3. Cut the folded paper into three equal pieces and adjust them if needed to make the pipe cleaner at the center of the flower. Trim the outer edges of the paper into rounded edges.

If you like, the paper trimmings can be saved to make confetti that the flower girl can use during the ceremony.

4. Open the folded paper while holding the stem. Pull the topmost layer of the paper all the way around. This will show you the end result, but be careful not to rip the paper, especially if you’re using crepe or Japanese paper.

5. Once you have your finished product, you can repeat the process to make as many as you like. You can even bend the pipe cleaners to make the flowers bend, which will allow you to make different bouquet arrangements in different containers.

You can also make the same flowers but in different sizes, as well as in different colors combinations depending on the theme of your wedding. When placing them in containers you can add a little more spruce to the arrangements by adding ribbons.

Plastic foliage can also work well when paired with paper flowers. Be sure to use a good glue that will stick the pipe cleaner to the plastic.

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Things to Know About Venice Biennale

If you love arts, you will realize that it is everywhere. Even the smallest thing can become an extraordinary art if you put your heart to it. If you want to share your arts to the world, you can eye the Venice Biennale. Venice Biennale is a prestigious art exhibition.


What is the Venice Biennale? Every patron of the art should know what this is about especially that Singapore has decided to return. So, here are some details about the prestigious Venice Biennale:

  • Background: Venice Biennale is a major art exhibition that focuses on contemporary arts. It takes place every 2 years. It is celebrated in Venice, Italy. Venice Film Festival forms part of the Venice Biennale. Apart from the Film Festival, the Venice Biennale of Architecture is also part of it. Venice Biennale came about in 1985. After World War I, the international community showed interest in modern art. The Biennale accommodated about 300,000 visitors today.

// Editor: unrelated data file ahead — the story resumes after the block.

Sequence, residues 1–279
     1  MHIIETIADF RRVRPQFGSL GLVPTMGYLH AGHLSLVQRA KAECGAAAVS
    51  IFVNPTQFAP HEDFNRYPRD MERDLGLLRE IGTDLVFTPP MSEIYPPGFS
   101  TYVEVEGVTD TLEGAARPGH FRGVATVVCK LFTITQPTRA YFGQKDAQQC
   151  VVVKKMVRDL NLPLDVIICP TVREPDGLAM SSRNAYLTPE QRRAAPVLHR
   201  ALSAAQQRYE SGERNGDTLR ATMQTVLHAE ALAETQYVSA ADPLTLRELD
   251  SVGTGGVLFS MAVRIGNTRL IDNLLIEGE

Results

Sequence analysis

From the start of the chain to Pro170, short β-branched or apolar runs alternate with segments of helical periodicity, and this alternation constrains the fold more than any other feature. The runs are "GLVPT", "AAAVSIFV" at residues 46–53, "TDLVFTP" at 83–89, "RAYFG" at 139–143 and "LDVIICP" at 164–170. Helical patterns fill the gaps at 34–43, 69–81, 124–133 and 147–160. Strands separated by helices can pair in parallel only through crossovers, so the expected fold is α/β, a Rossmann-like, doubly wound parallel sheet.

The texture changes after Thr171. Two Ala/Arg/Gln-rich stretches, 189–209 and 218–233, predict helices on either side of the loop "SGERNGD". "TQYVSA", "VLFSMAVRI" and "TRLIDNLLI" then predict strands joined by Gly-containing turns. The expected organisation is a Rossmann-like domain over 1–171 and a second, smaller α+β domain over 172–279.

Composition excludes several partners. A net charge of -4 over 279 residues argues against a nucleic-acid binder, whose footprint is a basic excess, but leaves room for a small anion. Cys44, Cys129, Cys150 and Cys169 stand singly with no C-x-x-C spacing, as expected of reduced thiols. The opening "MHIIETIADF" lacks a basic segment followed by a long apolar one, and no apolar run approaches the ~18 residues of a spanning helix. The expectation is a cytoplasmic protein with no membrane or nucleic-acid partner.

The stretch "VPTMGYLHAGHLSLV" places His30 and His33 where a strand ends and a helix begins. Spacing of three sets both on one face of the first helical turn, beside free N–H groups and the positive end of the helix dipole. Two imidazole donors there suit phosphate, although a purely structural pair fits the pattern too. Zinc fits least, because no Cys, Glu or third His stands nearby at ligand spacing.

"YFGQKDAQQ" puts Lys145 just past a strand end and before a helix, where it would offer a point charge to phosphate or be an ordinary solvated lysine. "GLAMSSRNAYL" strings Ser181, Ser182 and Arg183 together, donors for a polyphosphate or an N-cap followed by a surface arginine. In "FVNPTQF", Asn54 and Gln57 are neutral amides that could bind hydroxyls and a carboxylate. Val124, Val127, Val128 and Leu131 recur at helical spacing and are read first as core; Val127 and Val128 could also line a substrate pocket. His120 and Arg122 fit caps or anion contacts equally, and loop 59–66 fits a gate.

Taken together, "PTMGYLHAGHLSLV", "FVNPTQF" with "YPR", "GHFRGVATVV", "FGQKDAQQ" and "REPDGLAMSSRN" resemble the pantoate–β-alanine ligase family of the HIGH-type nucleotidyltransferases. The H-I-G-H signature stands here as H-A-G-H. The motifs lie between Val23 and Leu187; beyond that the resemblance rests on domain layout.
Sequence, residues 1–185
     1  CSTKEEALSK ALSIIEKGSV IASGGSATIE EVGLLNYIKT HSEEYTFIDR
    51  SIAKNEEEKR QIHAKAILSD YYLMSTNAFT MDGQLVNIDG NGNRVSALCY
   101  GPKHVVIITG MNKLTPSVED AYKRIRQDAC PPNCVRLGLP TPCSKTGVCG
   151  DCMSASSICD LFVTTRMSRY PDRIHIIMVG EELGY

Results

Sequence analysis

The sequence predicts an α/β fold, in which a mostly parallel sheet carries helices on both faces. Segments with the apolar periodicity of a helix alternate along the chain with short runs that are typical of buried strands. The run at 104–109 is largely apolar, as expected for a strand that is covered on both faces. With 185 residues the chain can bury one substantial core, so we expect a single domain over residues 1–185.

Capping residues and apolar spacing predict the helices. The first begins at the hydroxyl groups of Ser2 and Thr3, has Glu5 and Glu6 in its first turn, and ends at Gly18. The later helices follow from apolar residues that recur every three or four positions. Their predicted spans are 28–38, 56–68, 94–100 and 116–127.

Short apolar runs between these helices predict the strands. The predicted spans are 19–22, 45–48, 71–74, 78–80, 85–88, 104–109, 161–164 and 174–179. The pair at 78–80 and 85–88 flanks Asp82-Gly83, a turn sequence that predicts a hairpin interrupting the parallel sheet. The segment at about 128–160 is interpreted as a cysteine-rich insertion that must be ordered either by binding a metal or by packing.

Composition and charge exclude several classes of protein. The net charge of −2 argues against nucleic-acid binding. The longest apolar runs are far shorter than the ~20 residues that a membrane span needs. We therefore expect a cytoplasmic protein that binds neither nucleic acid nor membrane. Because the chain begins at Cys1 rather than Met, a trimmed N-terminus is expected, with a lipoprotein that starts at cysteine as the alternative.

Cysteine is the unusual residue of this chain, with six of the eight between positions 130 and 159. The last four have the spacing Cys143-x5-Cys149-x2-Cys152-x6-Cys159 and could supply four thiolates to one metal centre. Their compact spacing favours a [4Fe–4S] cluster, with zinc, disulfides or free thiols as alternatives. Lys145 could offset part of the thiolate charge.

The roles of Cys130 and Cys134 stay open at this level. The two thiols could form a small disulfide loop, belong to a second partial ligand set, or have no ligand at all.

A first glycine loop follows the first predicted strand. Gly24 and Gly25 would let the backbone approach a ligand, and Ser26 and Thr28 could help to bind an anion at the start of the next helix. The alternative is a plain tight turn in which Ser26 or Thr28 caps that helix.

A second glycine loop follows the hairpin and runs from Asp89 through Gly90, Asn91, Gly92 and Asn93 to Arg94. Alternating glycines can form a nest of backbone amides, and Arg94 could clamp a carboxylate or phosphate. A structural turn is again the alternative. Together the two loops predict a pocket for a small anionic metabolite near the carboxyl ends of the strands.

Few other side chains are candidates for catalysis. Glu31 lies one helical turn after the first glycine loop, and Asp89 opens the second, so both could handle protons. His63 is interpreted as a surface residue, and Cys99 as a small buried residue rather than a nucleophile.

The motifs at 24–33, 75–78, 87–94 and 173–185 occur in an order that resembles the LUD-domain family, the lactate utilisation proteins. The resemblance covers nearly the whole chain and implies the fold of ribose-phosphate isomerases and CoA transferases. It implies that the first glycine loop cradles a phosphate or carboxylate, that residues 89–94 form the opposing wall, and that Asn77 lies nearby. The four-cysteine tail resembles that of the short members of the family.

• Role: When the Venice Biennale was formulated, organizers thought about creating a market for contemporary art. From 1942 to 1968, Biennale assisted artists in looking for clients and eventually selling their pieces. Biennale initially charged 10% commission. Towards the end of 1968, there was a sales ban.


  • National Pavilions: The Biennale is based in Giardini, a park in Venice. Giardini features spacious exhibition hall that showcases themed exhibition organized by the director of Biennale. To date, there are at least thirty permanent pavilions located in different countries who participate in the art exhibition. Countries without pavilions can choose to showcase their exhibits in other venues. The committee is very positive because of the growing number of participating countries.


  • Singapore Picture: Countries participating in Venice Biennale include Argentina, Australia, Austria, Azerbaijan, Belgium, Brazil, Canada, Chile, Croatia, Denmark, Egypt, Estonia and many more. The good news is that Singapore joined the community of artists. Come 2015, an artist who goes by the name of Charles Lim will feature his installations. He is assisted by Shabbir Hussain Mustafa, a curator. The works of Mr. Lim revolves around water. Mr. Lim hopes to raise awareness to other artists.

The Venice Biennale is the best venue to show to the world how you see beauty. The Venice Biennale is attainable; it is not that impossible. You can start small and work your way up. There are many art centres here in Singapore that you can join. You can also major in arts if you want. This prestigious exhibition will raise the profile of Singaporean artists.